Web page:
Objective: To evaluate the effects of Chile's 2016 regulation restricting child-directed marketing of products high in energy, saturated fats, sodium and sugars on reducing children's exposure to 'high-in' television food advertising.
Design: Television use by pre-schoolers and adolescents was assessed via surveys in the months prior to implementation and a year after implementation. Hours and channels of television use were linked with the amount of high-in food advertising observed in corresponding content analyses of food advertisements (ads) from popular broadcast and cable channels to estimate changes in exposure to food ads from these channels.
Setting: Middle-lower and lower-income neighbourhoods in Santiago, Chile.
Participants: Pre-schoolers (n 879; mothers reporting) and adolescents (n 753; self-reporting).
Results: Pre-schoolers' and adolescents' exposure to high-in food advertising in total decreased significantly by an average of 44 and 58 %, respectively. Exposure to high-in food advertising with child-directed appeals, such as cartoon characters, decreased by 35 and 52 % for pre-schoolers and adolescents, respectively. Decreases were more pronounced for children who viewed more television. Products high in sugars were the most prevalent among the high-in ads seen by children after implementation.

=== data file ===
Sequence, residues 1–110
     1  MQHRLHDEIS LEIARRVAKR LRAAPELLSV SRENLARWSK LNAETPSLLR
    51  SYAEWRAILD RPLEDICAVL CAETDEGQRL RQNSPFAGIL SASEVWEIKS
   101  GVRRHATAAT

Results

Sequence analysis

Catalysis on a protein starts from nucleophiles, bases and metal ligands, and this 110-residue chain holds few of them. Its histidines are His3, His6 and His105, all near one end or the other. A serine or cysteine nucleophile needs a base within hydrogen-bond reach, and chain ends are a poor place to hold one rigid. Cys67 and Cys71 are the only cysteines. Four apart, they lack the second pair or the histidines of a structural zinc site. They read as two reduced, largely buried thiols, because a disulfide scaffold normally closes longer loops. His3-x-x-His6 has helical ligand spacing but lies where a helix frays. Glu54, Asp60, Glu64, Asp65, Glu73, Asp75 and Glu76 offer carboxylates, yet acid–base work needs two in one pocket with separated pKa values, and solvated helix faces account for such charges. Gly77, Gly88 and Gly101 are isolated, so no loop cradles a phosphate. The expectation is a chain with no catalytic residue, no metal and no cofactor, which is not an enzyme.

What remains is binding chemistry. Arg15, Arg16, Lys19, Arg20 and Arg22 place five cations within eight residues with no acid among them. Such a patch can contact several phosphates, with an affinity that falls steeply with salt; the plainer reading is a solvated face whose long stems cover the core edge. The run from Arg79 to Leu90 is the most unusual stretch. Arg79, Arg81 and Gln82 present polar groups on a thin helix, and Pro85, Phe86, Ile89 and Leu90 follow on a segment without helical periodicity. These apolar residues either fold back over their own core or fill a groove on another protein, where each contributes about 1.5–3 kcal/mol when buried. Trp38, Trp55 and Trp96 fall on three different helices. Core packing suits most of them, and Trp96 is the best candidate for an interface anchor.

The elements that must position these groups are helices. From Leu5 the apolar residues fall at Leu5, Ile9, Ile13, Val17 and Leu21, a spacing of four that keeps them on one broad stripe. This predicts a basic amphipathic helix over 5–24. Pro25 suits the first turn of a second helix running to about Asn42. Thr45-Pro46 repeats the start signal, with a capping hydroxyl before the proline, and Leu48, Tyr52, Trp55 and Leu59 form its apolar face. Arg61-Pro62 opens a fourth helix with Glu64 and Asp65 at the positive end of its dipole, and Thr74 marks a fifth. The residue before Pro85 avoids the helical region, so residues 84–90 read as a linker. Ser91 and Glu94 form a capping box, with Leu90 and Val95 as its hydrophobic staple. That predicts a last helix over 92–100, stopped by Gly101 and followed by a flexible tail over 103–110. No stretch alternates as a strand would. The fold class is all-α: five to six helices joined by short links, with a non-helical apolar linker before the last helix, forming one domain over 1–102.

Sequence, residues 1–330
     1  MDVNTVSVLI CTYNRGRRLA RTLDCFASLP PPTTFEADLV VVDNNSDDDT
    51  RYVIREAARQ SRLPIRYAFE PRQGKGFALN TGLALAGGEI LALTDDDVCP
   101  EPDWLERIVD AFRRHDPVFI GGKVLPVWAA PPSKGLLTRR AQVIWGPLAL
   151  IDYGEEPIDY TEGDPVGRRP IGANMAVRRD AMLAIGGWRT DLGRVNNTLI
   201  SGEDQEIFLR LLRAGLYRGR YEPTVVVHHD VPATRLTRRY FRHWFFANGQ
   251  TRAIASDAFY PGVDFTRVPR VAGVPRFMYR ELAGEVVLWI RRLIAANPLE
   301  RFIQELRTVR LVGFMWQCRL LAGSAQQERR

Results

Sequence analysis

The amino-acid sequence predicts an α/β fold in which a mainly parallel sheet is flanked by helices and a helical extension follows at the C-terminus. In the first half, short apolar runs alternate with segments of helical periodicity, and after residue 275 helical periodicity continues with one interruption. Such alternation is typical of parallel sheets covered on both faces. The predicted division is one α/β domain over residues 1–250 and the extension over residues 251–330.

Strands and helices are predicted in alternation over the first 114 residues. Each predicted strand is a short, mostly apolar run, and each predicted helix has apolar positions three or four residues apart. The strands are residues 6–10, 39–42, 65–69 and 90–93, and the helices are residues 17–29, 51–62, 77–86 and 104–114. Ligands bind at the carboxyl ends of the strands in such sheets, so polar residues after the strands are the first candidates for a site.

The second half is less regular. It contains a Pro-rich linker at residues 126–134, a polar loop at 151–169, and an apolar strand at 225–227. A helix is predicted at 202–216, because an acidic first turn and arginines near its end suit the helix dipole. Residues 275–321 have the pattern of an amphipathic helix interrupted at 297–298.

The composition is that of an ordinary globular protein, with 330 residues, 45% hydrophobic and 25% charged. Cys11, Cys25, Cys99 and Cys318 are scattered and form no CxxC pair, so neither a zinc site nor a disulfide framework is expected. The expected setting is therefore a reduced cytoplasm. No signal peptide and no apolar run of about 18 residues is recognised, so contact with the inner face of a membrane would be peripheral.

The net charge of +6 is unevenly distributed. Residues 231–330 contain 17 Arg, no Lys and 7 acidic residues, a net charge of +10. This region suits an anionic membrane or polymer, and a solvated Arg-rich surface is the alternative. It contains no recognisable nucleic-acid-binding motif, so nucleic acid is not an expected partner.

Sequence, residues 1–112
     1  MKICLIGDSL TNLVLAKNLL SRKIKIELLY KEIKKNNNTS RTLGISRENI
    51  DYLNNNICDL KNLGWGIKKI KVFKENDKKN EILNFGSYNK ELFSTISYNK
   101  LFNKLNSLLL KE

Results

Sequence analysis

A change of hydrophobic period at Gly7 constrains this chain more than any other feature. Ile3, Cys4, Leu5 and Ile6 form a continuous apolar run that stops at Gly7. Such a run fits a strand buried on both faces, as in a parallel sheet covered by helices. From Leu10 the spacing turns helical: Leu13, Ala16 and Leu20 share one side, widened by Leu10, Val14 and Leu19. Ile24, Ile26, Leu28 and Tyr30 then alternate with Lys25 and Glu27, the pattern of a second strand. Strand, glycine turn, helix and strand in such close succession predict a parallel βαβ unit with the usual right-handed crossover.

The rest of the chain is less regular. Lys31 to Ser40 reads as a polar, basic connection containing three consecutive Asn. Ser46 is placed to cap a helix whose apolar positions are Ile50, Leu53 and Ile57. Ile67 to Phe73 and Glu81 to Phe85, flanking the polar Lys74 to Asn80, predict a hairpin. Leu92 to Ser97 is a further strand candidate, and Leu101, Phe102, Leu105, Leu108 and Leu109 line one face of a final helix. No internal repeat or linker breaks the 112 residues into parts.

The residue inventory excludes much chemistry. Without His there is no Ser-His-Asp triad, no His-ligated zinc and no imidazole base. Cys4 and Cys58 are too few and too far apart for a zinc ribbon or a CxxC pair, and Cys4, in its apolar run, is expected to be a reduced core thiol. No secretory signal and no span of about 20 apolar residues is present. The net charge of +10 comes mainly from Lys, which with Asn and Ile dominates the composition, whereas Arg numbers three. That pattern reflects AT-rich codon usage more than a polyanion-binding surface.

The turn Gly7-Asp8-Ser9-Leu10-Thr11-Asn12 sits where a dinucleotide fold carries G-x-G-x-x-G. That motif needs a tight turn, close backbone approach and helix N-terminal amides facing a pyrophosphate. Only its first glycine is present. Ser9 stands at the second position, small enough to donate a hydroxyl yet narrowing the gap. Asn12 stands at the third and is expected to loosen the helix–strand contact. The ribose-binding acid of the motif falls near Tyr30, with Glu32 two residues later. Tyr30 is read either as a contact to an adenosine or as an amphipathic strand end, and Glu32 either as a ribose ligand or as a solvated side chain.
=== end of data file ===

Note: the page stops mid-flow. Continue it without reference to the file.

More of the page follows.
Conclusions: Following Chile's 2016 child-directed marketing regulation, children's exposure to high-in food advertising on popular broadcast and cable television decreased significantly but was not eliminated from their viewing. Later stages of the regulation are expected to eliminate the majority of children's exposure to high-in food advertising from television.
Keywords: Adolescents; Advertising; Child-directed; Children; Food; Marketing; Nutrition.